If you usually hire people to do you yard work, start doing it yourself instead. It really doesn’t take that longand it’s a fantastic workout. Physical labor makes you fit, just so long as you don’t drown your sorrows in drink and junk food.

Go into construction work.

The strength of construction workers is almost unparalleled (both old man strength and farm strength are in the running). They may not always eat the best food or do “cardio” or think much about their health, but those dudes (and ladies, as the case may be) are some of the pound for pound strongest people around. Best of all, it’s functional strength because it was strength developed by doing things in the real world. Construction work also tends to build grip strength better than any dedicated grip-strengthening exercise, so you’ll be ready to lift heavy things when you get back into the gym.

An ancillary benefit is that you’ll learn helpful new skills. Being able to build things with your hands is an important ability that will be extremely valuable when the rage virus epidemic hits and society crumbles around us.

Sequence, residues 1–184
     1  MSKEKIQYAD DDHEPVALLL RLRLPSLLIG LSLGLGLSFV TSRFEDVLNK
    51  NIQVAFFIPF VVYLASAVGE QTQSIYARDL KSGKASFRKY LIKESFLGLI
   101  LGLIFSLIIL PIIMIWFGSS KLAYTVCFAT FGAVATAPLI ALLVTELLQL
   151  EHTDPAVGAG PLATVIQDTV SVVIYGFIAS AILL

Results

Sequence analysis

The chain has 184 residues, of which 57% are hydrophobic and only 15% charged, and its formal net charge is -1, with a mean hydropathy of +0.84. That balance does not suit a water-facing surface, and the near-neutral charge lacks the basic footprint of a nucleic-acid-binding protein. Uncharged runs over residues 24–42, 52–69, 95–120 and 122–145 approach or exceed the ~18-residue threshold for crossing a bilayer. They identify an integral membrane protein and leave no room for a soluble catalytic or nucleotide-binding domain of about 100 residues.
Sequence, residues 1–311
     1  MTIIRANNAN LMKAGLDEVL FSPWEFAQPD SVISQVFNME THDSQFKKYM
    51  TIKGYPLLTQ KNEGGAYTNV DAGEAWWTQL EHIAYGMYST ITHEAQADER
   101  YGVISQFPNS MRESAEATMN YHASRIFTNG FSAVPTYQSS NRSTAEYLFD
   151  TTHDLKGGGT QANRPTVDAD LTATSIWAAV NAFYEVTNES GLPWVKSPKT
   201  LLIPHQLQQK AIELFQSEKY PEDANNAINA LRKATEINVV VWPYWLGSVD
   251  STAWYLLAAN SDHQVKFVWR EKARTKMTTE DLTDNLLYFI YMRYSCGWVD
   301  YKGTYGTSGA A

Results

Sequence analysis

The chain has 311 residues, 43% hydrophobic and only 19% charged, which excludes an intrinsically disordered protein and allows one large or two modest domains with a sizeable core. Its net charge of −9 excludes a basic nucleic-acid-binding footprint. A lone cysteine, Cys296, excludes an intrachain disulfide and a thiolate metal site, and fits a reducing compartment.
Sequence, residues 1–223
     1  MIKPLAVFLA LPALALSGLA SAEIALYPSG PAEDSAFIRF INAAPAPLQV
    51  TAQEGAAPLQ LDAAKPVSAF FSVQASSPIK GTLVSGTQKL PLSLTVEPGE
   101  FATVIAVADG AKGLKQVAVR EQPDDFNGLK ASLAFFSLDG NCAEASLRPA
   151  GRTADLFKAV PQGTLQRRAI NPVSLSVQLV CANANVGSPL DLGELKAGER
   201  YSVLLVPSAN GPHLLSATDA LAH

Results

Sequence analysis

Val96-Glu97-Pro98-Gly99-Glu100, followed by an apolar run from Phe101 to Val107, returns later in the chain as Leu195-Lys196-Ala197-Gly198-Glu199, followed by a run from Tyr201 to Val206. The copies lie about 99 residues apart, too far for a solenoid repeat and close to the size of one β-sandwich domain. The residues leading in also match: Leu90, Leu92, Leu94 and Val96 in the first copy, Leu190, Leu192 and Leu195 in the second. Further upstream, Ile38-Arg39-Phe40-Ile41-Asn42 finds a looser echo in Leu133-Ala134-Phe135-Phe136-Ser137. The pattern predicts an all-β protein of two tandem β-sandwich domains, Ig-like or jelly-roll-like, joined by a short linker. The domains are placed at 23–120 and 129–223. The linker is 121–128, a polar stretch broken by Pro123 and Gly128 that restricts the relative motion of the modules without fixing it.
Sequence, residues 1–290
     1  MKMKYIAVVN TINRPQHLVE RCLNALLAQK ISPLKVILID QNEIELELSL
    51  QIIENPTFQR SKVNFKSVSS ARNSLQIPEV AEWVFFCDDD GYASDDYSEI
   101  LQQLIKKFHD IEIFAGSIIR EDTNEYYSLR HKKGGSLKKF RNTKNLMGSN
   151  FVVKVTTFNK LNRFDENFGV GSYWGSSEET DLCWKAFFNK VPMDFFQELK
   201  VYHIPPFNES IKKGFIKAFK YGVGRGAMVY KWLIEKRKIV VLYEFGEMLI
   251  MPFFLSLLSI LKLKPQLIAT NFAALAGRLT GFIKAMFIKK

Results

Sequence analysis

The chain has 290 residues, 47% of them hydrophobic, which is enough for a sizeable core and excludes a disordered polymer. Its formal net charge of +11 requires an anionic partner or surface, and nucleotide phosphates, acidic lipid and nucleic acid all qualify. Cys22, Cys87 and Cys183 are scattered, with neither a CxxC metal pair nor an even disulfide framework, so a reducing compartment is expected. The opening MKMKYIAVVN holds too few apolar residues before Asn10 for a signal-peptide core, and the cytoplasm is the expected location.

Or if you’ve already got a job you like, pick up some carpentry skills on the side and work on some projects when you have free time. Build a tiny house. Demo that weird shed that’s been sitting in your backyard since you bought the place. Build a treehouse, or a home gym. There are some good online carpentry resources, but depending on how you like to learn the best bet may be to take a class at the local community college.

Do a charity event that you believe in.

There are charity fitness events every weekend, nearly everywhere. 10ks, walkathons, 5ks, what have you. You may not believe in every cause. You might find some superfluous. But everyone has at least one cause – a disease or a displaced people or an endangered species or a beleaguered nature preserve – they care about. And each one of those causes probably has a charity fitness event that you can participate in.